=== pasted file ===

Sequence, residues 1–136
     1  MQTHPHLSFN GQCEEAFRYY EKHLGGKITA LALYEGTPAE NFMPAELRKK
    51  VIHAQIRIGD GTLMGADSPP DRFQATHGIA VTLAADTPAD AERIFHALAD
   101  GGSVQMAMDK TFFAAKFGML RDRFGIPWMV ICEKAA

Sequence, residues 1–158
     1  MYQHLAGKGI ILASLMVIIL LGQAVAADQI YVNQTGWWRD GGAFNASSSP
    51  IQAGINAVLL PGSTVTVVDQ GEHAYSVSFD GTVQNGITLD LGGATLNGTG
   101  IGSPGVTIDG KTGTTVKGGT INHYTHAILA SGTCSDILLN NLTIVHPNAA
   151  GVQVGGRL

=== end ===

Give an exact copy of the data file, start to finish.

Sequence, residues 1–136
     1  MQTHPHLSFN GQCEEAFRYY EKHLGGKITA LALYEGTPAE NFMPAELRKK
    51  VIHAQIRIGD GTLMGADSPP DRFQATHGIA VTLAADTPAD AERIFHALAD
   101  GGSVQMAMDK TFFAAKFGML RDRFGIPWMV ICEKAA

Sequence, residues 1–158
     1  MYQHLAGKGI ILASLMVIIL LGQAVAADQI YVNQTGWWRD GGAFNASSSP
    51  IQAGINAVLL PGSTVTVVDQ GEHAYSVSFD GTVQNGITLD LGGATLNGTG
   101  IGSPGVTIDG KTGTTVKGGT INHYTHAILA SGTCSDILLN NLTIVHPNAA
   151  GVQVGGRL